Rare is the person who has the opportunity to knowingly shape the course of Jewish history. Most are happy to be relieved of that responsibility. From Moshe to Yonah, Yirmiyahu to Esther, few are willing to carry such awesome responsibility on their shoulders. And even—or, shall we say, especially—when taken on willingly, the burden can be too much to handle. How can one be confident in a decision made today, the impact of which will reverberate for hundreds or even thousands of years?
"He shall surely be put to death."
"They shall be pelted with stones and thus stoned to death."
"He shall be burned with fire."
"His soul shall be cut off from the community of Israel."
"Both shall bear their guilt and die without children."
"Have him flogged with lashes."
Purim marks a transition point in Jewish history. It ushers in the time period of hester panim, the transition from G-d's obvious and active role in history to a period when G-d's role in history is difficult to discern. Esther, whose very name is an allusion to this concept of hiding, is the last of the prophets. No longer would the word of G-d be directly revealed to man. There would be difficult choices to make, and man would have to work hard to try to determine the best course of action devoid of direct Divine guidance.
Purim celebrates the eternity of the Jewish people. Despite exile and dispersion, genocidal enemies and those willing to turn a blind eye to such, the Jewish people are here forever. When Esther sent a letter to the Sages, “kitvuni ledorot,” write me down for the generations (Megillah 7a), she was proclaiming that the story of the Megillah is the story of the Jewish people for all time. Its inclusion in the Biblical canon, after a protracted debate no less, marks the stamp of eternity on the story, the story of survival against all odds.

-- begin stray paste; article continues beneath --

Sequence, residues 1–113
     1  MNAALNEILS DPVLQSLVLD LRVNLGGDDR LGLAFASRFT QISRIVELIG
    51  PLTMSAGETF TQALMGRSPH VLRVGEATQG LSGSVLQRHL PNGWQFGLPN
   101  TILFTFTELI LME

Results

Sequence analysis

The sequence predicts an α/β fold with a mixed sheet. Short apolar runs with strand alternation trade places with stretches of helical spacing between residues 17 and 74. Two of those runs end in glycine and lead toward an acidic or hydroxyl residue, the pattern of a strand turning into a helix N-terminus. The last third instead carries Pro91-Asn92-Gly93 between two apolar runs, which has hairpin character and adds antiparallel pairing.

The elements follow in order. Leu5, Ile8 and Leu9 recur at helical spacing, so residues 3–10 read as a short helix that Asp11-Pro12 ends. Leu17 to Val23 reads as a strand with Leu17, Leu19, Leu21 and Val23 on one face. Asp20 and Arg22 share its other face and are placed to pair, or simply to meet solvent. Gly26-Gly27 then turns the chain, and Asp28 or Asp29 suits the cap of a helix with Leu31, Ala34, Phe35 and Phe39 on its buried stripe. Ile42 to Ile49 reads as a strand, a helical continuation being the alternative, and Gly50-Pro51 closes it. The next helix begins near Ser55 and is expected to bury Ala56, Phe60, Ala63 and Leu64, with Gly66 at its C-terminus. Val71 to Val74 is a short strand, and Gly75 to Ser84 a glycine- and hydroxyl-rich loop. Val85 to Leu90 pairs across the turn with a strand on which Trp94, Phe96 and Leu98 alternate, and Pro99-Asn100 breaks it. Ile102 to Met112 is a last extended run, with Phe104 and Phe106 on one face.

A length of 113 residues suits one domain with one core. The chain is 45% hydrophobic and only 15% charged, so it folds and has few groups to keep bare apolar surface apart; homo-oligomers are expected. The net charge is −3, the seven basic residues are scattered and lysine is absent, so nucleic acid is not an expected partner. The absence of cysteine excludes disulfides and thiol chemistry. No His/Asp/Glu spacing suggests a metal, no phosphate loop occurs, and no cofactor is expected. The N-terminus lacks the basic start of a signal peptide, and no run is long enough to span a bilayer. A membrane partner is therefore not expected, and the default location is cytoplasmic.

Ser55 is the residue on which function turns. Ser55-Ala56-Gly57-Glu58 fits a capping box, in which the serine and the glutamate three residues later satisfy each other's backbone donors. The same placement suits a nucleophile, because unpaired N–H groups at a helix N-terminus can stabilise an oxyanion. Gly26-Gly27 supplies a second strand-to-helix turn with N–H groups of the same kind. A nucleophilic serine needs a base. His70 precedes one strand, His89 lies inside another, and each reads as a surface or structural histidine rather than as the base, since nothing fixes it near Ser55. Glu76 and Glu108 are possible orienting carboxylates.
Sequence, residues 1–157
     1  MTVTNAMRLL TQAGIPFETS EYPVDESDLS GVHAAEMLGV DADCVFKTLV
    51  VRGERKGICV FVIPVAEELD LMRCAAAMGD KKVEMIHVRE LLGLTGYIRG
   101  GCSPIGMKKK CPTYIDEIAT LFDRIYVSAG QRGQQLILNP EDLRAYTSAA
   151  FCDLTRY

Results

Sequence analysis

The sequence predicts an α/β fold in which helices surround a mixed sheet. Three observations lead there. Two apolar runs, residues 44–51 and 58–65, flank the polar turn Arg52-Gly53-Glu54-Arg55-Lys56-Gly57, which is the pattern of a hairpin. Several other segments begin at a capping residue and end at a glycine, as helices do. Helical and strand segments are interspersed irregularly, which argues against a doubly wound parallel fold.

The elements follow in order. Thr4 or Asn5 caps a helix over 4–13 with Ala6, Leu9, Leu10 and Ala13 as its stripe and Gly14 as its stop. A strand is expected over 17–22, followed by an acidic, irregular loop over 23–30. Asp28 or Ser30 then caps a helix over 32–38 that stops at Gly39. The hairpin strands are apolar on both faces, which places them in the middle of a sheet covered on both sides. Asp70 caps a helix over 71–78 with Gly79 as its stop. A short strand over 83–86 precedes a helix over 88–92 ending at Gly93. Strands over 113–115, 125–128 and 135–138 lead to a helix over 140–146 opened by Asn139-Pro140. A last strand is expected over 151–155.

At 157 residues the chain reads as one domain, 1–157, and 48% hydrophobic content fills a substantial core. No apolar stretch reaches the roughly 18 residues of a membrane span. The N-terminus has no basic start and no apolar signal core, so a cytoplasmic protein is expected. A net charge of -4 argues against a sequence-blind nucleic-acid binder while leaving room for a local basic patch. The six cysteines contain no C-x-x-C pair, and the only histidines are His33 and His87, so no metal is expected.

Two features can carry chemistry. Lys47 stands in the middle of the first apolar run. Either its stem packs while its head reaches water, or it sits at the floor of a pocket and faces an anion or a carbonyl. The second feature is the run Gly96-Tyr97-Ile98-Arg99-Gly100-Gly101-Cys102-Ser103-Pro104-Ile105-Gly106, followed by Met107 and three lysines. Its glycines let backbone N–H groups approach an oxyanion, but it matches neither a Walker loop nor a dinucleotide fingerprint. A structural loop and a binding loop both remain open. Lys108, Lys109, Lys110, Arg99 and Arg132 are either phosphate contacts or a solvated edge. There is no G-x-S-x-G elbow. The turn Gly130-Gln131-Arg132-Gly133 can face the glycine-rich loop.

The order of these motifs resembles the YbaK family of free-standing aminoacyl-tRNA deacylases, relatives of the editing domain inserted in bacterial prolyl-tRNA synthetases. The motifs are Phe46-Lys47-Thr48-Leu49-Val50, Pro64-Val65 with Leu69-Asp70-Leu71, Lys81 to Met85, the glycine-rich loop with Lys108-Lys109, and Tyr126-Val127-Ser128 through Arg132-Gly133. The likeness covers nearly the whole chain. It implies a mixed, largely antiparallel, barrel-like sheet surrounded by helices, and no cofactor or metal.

One of the fiercest debates amongst Biblical commentators of the medieval period was to what extent, if at all, parts of the Torah may be seen as allegorical. No less a personage than the Rambam claimed that stories such as the three angels visiting Avraham, or Yaakov’s struggle with an angel, were prophetic visions that did not actually occur. As one can imagine, views such as these—and more radical ones, which allegorized such mitzvot as the “sign on our arm”, i.e., tefillin—met with vociferous opposition.
"Where is Haman recorded in the Torah?" So asks the Talmud (Chulin 139b), in a seemingly incomprehensible question. Surely one would not expect to find Haman, living approximately 1,000 years after the close of the Torah, to be mentioned there. The Talmud, seemingly undisturbed by the question, has no problem locating Haman in the Torah, in a verse in Parshat Breisheet: "And He said: Who told you that you are naked? Have you eaten of the tree from which I commanded you not to eat?" (Breisheet 3:11).
What should one do when the needs of the Jewish people conflict with the needs of Judaism? When the only way to keep our people Jewishly involved is to bend (or perhaps break) the norms of a traditional way of life? The Jewish people have been debating this question since the Enlightenment. With the ghetto walls crumbling, most Jews sought out new ways to express their Jewishness, unwilling and perhaps unable to maintain traditional frames of reference.
“When Adar enters, we increase our joy” (Taanit 29a). Presumably, the increased joy is due to the upcoming Purim festivities, the most joyous of Jewish holidays. Yet somewhat surprisingly, Rashi explains that our increased joy is due not only to the miracles of Purim, but to those of Pesach as well.